Just after dawn on the morning of June 5, 1967, when Bill Dance cast a blue Fliptail plastic worm across a sunken roadbed in Beaver Lake and caught what is generally considered to be the first-ever largemouth taken in BASS competition, he unknowingly turned a century-old industry into an overnight success.
Bobbie Gayle is back in the fishing news. Bobbie and her husband, Butch, made a significant splash in February 2000. You might say they put Lake O.H. Ivie on the big-bass map.
Seventy years is a long time for anything. Especially for a sporting record that has taken on countless challenges from all comers and endured.
Zach Thompson surprised himself with how effective his decision was to change lures two days into the Citgo Bassmaster Western Open
The Florida Everglades has been called "The Sea Of Grass." But, as any angler who has spent time on Florida's other waters can attest, the moniker pretty much applies statewide. In fact, if there is a single defining characteristic to Florida bassing, it is that anglers will spend a considerable amount of time tossing lures to targets that bear a stronger resemblance to a well-manicured lawn than to open water.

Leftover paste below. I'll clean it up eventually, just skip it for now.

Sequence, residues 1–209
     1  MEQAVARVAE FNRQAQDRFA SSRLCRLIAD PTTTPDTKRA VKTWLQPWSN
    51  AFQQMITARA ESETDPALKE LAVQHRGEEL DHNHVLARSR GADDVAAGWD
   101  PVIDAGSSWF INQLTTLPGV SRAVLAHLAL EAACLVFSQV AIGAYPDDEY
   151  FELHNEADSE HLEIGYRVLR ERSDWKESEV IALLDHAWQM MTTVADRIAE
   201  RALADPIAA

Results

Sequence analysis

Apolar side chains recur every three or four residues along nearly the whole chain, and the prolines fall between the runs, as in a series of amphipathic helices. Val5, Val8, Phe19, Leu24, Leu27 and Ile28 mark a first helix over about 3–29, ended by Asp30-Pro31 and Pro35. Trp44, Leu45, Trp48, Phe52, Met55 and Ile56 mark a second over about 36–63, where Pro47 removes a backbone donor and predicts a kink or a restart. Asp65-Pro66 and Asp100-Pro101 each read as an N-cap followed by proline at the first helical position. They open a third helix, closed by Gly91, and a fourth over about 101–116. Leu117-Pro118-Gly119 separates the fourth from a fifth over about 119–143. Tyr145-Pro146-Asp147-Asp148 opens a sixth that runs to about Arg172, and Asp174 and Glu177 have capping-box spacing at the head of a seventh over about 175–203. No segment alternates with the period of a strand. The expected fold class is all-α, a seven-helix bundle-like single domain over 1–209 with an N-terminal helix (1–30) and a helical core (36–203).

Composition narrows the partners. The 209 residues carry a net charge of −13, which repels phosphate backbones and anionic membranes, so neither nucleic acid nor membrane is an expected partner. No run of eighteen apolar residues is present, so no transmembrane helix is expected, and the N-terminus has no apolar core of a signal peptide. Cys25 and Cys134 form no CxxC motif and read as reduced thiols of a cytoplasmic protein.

Catching bass by any means is fun. But most anglers will agree that those crashing a topwater plug are as good as it gets. Unfortunately, as many have also discovered, there is a rather narrow window of time when surface baits will be the most effective lure.
Just about the time a fisherman figures out the best pattern for flowing water, a capricious river changes its flow and throws everything out of whack.
In this article, you can read how a savvy angler keeps an open mind while using old, reliable standard lures.
Four months later, resource managers still are assessing damage done to fisheries by the four hurricanes that assaulted Florida this past fall. Early indications are that bass and other fish species fared much better than did the people and property in the Sunshine State, with billions of dollars in damage to homes, buildings, roads and utilities.
With hurricanes Frances and Jeanne dumping 18 inches of rain on the Kissimmee Chain of Lakes, Lake Tohopekaliga not only refilled quicker than expected following a drawdown, but rose 1 1/2 feet above regulated high pool.